Black teenager incarcerated for two months for not doing her homework

Black teenager incarcerated for two months for not doing her homework
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A Black teenage girl was sent to a juvenile detention centre for not completing her online schoolwork during the coronavirus pandemic and has now been locked up for two months.

The 15-year-old was taken to the Children's Village juvenile centre in Detroit after it was determined that failing to complete her coursework was a violation of her probation in mid-May.

The teenager was placed on probation for fighting with her mother and stealing a phone from a classmate after hers was confiscated.

She lives in a predominantly white neighbourhood in Michigan where people of colour are sent to juvenile detention centres in disproportionately high numbers.

Judge Mary Ellen Brennan, the presiding judge at the Oakland County Family Court, found the teenager of being "guilty on failure to submit to any schoolwork and getting up for school" and called her a "threat to the community".

She added:

She hasn’t fulfilled the expectation with regard to school performance. I told her she was on thin ice and I told her that I was going to hold her to the letter, to the order, of the probation.

Failing to submit schoolwork is not, of course, illegal, and nor is it particularly unusual: in Minnesota, for instance, a third of high school children failed to complete their online work before schools reopened.

On top of this, the teenager reportedly has ADHD which made it harder to concentrate on her work without the guidance of her teachers.

The teenager has currently been at the Children's Village for more than two months as coronavirus continues to spread throughout the US.

The fact that she was sent to a juvenile detention centre simply for failing to keep up with her schoolwork in the middle of a pandemic has raised questions about systemic racism in the US justice system.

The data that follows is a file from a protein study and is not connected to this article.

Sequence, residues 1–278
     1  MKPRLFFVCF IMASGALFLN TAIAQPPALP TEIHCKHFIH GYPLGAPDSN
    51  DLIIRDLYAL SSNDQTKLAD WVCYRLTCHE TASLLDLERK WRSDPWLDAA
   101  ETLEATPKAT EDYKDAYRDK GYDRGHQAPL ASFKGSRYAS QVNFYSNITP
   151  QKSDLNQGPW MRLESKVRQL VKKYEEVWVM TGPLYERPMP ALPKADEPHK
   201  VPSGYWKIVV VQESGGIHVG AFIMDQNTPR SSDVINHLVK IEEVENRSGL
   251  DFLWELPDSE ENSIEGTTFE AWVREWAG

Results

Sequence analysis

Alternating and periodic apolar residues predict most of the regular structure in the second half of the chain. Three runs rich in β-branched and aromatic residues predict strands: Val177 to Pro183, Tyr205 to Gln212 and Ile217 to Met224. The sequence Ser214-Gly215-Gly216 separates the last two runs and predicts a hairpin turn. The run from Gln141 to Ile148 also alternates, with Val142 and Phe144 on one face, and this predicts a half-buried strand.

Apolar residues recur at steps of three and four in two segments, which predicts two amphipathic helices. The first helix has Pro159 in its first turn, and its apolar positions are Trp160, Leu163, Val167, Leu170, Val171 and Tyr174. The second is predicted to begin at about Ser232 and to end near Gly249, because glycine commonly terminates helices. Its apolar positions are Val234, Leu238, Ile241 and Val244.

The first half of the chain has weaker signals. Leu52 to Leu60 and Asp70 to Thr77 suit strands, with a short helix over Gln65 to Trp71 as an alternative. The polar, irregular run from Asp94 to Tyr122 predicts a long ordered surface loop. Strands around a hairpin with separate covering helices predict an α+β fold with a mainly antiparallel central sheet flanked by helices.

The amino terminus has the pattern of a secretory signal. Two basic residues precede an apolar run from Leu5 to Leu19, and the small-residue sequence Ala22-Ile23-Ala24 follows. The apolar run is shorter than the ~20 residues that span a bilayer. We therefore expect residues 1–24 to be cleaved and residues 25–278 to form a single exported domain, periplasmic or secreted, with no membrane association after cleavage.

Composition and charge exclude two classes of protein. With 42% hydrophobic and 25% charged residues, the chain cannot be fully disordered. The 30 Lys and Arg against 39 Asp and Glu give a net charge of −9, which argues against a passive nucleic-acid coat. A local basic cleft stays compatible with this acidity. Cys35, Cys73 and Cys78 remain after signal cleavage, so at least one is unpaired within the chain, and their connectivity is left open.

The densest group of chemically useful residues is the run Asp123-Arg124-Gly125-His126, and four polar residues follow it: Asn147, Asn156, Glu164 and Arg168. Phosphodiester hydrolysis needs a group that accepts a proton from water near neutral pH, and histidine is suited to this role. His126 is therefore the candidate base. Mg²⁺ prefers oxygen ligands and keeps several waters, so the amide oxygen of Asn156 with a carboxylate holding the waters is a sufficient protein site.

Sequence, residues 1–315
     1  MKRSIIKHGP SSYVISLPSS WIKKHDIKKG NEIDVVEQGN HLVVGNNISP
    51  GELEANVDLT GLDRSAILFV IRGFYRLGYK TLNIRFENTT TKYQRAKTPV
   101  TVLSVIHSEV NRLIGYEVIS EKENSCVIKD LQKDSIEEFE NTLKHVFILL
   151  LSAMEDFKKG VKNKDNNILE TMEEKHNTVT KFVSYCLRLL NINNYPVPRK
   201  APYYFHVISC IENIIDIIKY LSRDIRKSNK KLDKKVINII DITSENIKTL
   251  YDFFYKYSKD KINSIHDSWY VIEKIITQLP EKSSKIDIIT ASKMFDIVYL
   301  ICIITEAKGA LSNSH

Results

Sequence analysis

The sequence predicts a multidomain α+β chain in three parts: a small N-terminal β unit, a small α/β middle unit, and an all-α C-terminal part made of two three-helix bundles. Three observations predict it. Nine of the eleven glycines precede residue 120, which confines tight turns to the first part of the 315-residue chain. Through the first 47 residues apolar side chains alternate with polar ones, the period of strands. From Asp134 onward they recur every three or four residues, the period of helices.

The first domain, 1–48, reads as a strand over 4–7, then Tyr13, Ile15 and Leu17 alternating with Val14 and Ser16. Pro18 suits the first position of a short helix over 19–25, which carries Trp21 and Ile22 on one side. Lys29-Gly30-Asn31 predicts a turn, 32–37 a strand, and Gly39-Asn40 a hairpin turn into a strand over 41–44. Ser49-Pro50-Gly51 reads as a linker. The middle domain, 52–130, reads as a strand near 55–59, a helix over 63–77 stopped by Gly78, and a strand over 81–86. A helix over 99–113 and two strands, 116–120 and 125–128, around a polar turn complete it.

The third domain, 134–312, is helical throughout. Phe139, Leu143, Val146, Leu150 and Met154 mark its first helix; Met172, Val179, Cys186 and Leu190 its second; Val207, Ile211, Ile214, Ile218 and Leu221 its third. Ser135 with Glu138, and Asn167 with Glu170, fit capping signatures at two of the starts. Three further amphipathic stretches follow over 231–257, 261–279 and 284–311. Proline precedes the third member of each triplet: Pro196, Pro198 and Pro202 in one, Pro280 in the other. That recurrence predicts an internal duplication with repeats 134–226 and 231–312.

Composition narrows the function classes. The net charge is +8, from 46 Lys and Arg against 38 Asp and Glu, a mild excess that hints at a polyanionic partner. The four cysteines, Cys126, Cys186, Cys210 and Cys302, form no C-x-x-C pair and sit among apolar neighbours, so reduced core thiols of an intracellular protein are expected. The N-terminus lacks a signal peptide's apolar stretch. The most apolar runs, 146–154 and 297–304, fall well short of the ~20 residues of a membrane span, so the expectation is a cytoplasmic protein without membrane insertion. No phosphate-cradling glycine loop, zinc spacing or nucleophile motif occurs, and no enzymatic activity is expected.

The number of children being admitted to such centres fell by almost a quarter in March across the US as judges tried to protect children from the virus.

But for this Black teenager, simply struggling at school was enough to re-expose her to the system.

This case was uncovered by investigative newspaper ProPublica, the Detroit Free Press and Bridge Magazine.

In response to a request for comment, an Oakland Family Court spokesperson said:

Judicial canon prohibits judges and courts from commenting regarding an ongoing case. However, the court can provide information regarding how cases are processed and how judges make their decisions. 

Family court judges make decisions based on the law and a wide range of advice and information. […] To reduce this deliberate and thoughtful process to a catchy phrase is a disservice to all concerned parties, to the public, and to the professionals who are dedicated to helping children and families. 


Family court judges have one criterion that must be followed - to make decisions that are in the best interest of the child and the family. This decision is not influenced by race, by income, by ethnicity, or any other variable. 

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